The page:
For its emerging practitioners, Digital Sociology is an ambitious and exciting new development. The ‘digital’ in its name is intentionally vague. It signifies anything that involves the transmission of 0s and 1s so includes everything from the Web, to the Internet of Things, to downloadable music, to devices that capture our heart rate: they are all within Digital Sociology’s scope. Digital Sociology is attempting to exploit all the opportunities digital technology can offer. Simultaneously, Digital Sociology plans to continue sociology’s tradition of critical engagement with technology; temper some of the unrestrained rhetoric that attends digital innovation. However, it aims to achieve this in a way that avoids interdisciplinary friction.
These are just some of the questions Digital Sociology asks – questions that could be crucial to the future of sociology:
- How can digital technology enhance the job of research? For example, has there ever been a more flexible and convenient ethnographic data capture device than the iPhone?
- How can digital technology amplify sociological voices; particularly beyond the academy? For example, blogs such as The Sociological Imagination, Discover Society as well as, of course, The Sociological Lens are taking pioneering sociology to a new, non-specialist, albeit English-speaking, global audience.
- How can sociology work with other disciplines to achieve new insights? For example, what are the new methods; particularly those being developed within disciplines such as computer and network science, that sociologists can put to inventive use? Sociology confronts some of society’s most profound and seemingly insoluble problems; in this respect, has digital technology improved sociology’s repertoire of instruments and data sources?
However, perhaps most crucial to Digital Sociology is an epistemological position it shares with its affiliate discipline Web Science. That is technology, from its visual design to its embedded algorithms; no matter how asocial, logical it appears to be, bares the imprint of people’s norms, values and intentions. Inversely, technology can alter the way we think of ourselves and each other. Digital Sociology attempts to unravel this complex, mutually sustaining relationship.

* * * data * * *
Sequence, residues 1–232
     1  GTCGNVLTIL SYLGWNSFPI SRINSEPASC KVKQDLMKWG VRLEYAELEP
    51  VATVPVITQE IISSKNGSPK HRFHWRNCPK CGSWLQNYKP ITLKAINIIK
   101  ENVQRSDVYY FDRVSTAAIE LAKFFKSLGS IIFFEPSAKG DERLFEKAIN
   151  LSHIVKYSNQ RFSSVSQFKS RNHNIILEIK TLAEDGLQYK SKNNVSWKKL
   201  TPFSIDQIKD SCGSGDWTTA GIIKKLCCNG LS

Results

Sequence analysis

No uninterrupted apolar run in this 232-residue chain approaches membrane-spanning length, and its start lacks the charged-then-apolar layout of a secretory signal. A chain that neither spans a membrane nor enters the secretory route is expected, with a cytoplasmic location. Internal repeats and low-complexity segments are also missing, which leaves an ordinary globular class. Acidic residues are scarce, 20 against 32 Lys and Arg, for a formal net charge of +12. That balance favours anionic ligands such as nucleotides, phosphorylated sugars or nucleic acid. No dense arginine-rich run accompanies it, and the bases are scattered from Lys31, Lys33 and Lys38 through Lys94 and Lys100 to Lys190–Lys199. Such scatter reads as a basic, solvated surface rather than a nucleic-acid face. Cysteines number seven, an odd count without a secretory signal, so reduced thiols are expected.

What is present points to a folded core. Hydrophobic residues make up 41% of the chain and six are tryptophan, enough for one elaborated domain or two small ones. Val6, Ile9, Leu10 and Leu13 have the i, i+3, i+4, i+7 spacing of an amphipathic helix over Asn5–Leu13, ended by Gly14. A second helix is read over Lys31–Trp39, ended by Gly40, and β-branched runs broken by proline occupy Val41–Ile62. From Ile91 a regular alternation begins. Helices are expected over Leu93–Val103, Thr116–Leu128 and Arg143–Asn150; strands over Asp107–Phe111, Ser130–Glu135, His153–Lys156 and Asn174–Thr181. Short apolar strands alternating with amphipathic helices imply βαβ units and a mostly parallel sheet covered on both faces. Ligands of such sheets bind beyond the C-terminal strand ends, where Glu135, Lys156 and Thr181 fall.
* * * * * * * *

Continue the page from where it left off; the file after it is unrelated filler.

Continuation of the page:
If all or any of this interests you please see @BSADigitalSoc on Twitter and digitalsociology.org for further information. There will also be a series of Digital Sociology sessions at the British Sociological Association’s Annual Conference.
This month the 22nd Winter Olympic Games began in Sochi, Russia. The spectacle of the event has captivated persons from around the world to tune into watch their favorite sport or favorite athletes. Russia spent over $50 billion to prepare for the Olympics by building hotels, roads, stadiums, and to bring in artificial snow into the Southern resort town. The Sochi Olympics are the first mega-sporting event to occur this year, but will likely be trumped by the upcoming World Cup in Brazil over the summer. Brazil’s price tag for hosting the World Cup is considerable less at around $9 billion dollars. Nonetheless, the cost of both of these events and the emphasis by the respective countries to show the world the capabilities of their nation reveal the increasing globalization of these world sporting events. The Olympics and the World Cup are two global sports spectacles that have considerable cultural and economic ramifications, and are a product of intense politicking to bring the events to one’s national home.
By movie studio [Public domain], via Wikimedia Commons.
In January, President Obama became the latest in a long list of politicians and high profile public figures in taking a shot at academic disciplines perceived to be ‘useless’ from a labor market perspective. Talking about manufacturing and job training, Obama (who has since apologized
for his remarks) said
: “I promise you, folks can make a lot more, potentially, with skilled manufacturing or the trades than they might with an art history degree.”
This attack on disciplines, fields and degrees that do not tie in directly to what is perceived to be the workplace of today and tomorrow are nothing new. North Carolina Governor Pat McCrory made similar, albeit much more explicit and vicious, remarks
about higher education just last year, lashing out against the (inter)discipline of women’s and gender studies: “If you want to take gender studies that’s fine. Go to a private school, and take it. But I don’t want to subsidize that if that’s not going to get someone a job.”
These and similar remarks point to two related notions that dominate in the debate about (higher) education: 1. The idea of a “skills gap” – that is the idea that workers and college graduates do not possess the right skills to fill vacant jobs in growing economic sectors. And 2. The idea that some academic disciplines are simply useless pursuits, as they do not help graduates secure employment. But do these ideas have empirical ground?